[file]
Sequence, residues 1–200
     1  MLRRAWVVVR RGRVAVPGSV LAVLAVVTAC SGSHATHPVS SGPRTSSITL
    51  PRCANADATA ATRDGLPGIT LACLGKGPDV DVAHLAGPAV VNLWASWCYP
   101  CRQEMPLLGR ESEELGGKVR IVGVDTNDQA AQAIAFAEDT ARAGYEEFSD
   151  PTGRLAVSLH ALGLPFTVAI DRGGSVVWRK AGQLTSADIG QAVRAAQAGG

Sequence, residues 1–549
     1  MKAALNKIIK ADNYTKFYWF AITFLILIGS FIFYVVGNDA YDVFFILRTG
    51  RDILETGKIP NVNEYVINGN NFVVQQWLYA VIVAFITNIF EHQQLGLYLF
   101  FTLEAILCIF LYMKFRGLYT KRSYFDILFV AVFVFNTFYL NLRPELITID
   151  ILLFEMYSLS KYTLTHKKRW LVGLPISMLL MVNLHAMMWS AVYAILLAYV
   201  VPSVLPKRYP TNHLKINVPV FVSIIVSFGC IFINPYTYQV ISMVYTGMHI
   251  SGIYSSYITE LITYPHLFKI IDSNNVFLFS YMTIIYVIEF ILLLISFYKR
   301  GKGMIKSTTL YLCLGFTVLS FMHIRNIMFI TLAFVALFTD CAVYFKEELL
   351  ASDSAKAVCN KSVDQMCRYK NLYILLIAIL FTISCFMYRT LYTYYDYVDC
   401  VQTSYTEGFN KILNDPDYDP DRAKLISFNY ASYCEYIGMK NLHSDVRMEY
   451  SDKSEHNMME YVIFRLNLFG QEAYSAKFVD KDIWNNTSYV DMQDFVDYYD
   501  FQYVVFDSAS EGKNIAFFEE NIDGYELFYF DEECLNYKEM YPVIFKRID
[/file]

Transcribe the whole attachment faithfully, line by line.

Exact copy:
Sequence, residues 1–200
     1  MLRRAWVVVR RGRVAVPGSV LAVLAVVTAC SGSHATHPVS SGPRTSSITL
    51  PRCANADATA ATRDGLPGIT LACLGKGPDV DVAHLAGPAV VNLWASWCYP
   101  CRQEMPLLGR ESEELGGKVR IVGVDTNDQA AQAIAFAEDT ARAGYEEFSD
   151  PTGRLAVSLH ALGLPFTVAI DRGGSVVWRK AGQLTSADIG QAVRAAQAGG

Sequence, residues 1–549
     1  MKAALNKIIK ADNYTKFYWF AITFLILIGS FIFYVVGNDA YDVFFILRTG
    51  RDILETGKIP NVNEYVINGN NFVVQQWLYA VIVAFITNIF EHQQLGLYLF
   101  FTLEAILCIF LYMKFRGLYT KRSYFDILFV AVFVFNTFYL NLRPELITID
   151  ILLFEMYSLS KYTLTHKKRW LVGLPISMLL MVNLHAMMWS AVYAILLAYV
   201  VPSVLPKRYP TNHLKINVPV FVSIIVSFGC IFINPYTYQV ISMVYTGMHI
   251  SGIYSSYITE LITYPHLFKI IDSNNVFLFS YMTIIYVIEF ILLLISFYKR
   301  GKGMIKSTTL YLCLGFTVLS FMHIRNIMFI TLAFVALFTD CAVYFKEELL
   351  ASDSAKAVCN KSVDQMCRYK NLYILLIAIL FTISCFMYRT LYTYYDYVDC
   401  VQTSYTEGFN KILNDPDYDP DRAKLISFNY ASYCEYIGMK NLHSDVRMEY
   451  SDKSEHNMME YVIFRLNLFG QEAYSAKFVD KDIWNNTSYV DMQDFVDYYD
   501  FQYVVFDSAS EGKNIAFFEE NIDGYELFYF DEECLNYKEM YPVIFKRID